Cardinal and Star

In one of the comments yesterday, Quilting Nurse asked if it was a hard pattern to make.  I must say I found it fun and easy!  I mentioned to her a couple of things.  I think the cutting instructions I had could be improved.  The pattern had us cut squares at 2 7/8 for the half square triangles (HST), and 3 1/4″ for the beak quarter square triangles (QST).  I don’t know about you but I like even 1/2 ” increments.    My suggestion is to cut for your favorite method of making a 2.5″ HST.  Some people like to make the 8 at a time method.  I like to cut my HST base pieces at 3″ and construct, and trim to 2.5″ with the June Tailor Perfect Half Square/Quarter Square Triangle ruler.  Others might be using Bonnie Hunter’s methods with strips and the easy angle or Deb Tucker’s method.  Which every way you do it, cut so you have a 2.5″ HST when it is done.   All the squares in the basic block are 2.5″ before being sewn into rows!  Bottom line, I would rather trim than come up short of HST & QST.   So, before you start cutting, decide your “best method” and adjust accordingly.

I will be taking my first bird for show and tell, and doing some more construction during the Queen Bee’s gathering on Tuesday.    If you make one of these Cardinal blocks, tell me what you will do with it.  Wall hanging, table runner, quilt???   Share your photo’s.  Have fun stitching!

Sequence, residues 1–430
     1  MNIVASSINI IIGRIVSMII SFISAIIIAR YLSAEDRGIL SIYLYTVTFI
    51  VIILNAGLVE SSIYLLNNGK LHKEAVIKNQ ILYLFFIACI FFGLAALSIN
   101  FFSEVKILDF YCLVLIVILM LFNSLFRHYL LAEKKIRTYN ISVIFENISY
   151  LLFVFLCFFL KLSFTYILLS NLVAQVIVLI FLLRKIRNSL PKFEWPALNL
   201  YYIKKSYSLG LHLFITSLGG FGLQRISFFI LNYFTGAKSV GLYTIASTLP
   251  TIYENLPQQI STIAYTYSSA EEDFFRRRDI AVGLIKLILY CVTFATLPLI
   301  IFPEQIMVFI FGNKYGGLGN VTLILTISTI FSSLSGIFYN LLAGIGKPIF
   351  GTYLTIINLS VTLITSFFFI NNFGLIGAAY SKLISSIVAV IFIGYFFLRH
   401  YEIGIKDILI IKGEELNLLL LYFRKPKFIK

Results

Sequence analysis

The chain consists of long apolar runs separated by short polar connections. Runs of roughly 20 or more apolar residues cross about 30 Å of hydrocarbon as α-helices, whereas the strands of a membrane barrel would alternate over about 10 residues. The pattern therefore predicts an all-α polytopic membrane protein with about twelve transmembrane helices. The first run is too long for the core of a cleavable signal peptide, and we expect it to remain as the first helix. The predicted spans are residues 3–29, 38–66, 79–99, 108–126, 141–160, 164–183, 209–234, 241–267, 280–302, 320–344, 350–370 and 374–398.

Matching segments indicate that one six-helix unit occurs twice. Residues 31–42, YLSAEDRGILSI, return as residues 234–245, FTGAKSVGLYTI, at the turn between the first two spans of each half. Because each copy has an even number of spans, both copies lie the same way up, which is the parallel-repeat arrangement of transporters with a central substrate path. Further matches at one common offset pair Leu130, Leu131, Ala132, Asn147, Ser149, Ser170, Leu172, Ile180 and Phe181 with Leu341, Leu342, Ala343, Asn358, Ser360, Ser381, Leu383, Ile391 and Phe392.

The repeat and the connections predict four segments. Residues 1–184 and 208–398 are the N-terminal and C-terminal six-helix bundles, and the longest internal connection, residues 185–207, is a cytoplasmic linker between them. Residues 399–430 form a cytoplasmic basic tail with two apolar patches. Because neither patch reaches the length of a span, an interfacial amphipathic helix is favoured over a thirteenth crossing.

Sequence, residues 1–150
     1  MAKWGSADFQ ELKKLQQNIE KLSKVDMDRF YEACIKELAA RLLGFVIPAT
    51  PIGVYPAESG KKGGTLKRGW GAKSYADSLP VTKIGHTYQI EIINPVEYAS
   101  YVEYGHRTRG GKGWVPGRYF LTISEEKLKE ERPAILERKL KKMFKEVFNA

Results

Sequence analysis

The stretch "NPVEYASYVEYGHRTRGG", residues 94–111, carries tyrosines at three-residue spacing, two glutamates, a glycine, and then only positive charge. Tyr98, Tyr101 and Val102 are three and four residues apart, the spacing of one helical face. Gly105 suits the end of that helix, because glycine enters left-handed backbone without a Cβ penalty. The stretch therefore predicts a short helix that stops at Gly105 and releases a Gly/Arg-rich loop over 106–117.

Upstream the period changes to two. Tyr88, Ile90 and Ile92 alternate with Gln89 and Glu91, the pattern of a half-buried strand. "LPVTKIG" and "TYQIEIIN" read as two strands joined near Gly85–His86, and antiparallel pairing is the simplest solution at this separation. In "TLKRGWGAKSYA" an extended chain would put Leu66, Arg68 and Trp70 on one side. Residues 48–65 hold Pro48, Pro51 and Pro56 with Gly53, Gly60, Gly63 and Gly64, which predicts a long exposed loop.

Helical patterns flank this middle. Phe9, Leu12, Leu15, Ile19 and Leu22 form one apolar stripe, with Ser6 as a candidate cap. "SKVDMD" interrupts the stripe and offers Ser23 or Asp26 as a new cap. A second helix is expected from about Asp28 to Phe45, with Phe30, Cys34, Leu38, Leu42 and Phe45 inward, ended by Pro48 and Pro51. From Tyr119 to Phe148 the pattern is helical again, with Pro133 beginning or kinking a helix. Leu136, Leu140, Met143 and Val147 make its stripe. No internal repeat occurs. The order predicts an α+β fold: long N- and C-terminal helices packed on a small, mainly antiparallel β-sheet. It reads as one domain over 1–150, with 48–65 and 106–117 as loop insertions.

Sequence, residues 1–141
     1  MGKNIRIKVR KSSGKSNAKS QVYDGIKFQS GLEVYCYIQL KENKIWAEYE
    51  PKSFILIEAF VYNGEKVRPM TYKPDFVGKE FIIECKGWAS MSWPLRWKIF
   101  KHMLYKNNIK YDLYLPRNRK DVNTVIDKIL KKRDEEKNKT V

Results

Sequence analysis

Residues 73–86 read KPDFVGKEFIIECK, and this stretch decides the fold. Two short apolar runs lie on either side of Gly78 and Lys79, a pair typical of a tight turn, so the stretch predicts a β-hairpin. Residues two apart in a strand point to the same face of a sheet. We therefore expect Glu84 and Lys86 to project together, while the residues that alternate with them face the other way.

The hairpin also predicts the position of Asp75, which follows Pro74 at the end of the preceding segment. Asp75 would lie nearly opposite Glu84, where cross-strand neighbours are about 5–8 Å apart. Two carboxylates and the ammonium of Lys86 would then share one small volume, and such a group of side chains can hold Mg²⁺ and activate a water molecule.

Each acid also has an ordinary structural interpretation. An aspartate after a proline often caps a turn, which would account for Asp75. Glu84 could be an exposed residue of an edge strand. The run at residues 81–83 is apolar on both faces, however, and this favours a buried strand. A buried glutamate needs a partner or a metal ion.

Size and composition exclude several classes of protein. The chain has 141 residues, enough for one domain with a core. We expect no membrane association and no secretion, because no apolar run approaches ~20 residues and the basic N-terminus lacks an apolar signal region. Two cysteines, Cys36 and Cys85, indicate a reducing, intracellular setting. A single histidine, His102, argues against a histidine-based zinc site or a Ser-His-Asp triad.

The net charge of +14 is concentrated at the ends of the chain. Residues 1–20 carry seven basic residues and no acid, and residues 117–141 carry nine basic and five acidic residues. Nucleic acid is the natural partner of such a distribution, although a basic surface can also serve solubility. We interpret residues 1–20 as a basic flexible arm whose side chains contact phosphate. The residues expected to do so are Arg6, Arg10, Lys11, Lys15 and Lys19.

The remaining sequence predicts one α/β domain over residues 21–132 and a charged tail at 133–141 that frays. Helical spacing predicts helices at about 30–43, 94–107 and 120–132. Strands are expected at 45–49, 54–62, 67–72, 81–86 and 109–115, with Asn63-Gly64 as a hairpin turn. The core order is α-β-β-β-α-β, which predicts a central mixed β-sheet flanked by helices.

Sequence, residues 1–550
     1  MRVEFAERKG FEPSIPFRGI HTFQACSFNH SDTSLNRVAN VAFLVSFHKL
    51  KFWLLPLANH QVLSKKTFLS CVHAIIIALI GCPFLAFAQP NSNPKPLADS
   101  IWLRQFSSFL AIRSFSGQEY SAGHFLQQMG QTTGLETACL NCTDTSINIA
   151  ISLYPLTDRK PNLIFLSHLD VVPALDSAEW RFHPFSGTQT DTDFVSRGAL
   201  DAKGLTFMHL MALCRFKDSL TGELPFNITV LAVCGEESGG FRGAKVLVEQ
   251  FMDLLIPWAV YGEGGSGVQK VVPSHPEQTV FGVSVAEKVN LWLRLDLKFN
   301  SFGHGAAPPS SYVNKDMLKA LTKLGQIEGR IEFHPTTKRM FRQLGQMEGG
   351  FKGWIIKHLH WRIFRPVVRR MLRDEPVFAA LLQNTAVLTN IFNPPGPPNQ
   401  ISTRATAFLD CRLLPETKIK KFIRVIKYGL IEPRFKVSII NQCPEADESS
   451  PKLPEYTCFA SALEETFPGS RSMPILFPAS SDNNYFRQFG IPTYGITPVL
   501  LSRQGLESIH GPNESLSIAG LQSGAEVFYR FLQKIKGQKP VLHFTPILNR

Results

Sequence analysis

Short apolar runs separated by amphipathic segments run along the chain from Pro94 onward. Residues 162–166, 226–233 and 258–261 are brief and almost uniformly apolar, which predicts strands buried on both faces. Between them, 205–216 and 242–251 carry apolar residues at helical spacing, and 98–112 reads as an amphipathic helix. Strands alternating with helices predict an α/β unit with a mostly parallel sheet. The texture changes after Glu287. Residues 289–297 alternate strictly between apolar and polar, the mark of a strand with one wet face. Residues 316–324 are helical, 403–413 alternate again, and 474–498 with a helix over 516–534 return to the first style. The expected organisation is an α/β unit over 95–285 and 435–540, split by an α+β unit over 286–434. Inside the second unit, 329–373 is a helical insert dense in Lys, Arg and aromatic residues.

Bee Skep Pin Cushion FUN !!

A friend of mine sent me a link to the cutest pin cushion pattern she had come across, and thought that it would be a great project for the members of the Queen Bee’s quilt bee.  As the bee leader, she thought that I could entice the members into making something quite cute and fun.  The pattern is by Lea Anne Brummett , on a blog called Podunk Pretties – https://podunkpretties.blogspot.com/2018/07/bee-skep-pin-cushion.html  .

If you want the pattern, go to Lea Anne Brummett’s blog, and at the bottom of the page is a link to the whole pattern.  The link will take you to her CRAFTSY store.  This is a free pattern!

Once I got my pattern printed out, I debated about cutting those circles.  I messaged another guild member who has an accu-quilt dye cutting machine. She had 2, 3, and 5″ circles.  I needed more sizes than that. So, I bit the bullet, got out some carbon paper, and traced over the circles onto a manilla file folder. I cut those circles out and marked them with the sizes.

The pattern calls for assorted yellow prints.  I decided to use my yellow/gold/orange scrap box, and started pulling out pieces, and getting them starched and ironed.  I doubled the fabric so I could cut 2 pieces at once.  I used a fine point sharpie to outline my templates. I put a pin in the center of each circle to prevent shifting when I got ready to cut.  I had so much fun cutting out the first set, I decided to cut a few more.  I did all the cutting with my Fiskars scissors.  It went quickly!  (The secret is the heavy starch!)  (People who know me KNOW that I hate using scissors….I always look for a way to use a rotary cutter….)

3 Pin cushions ready to sew

Before long, I had 12 sets cut out, one for each member of my Queen Bees Quilt Bee.  I played around with the circles, and arranged them in pleasing groups and bagged them up.  Then, it was time to sew my Bea Skep!!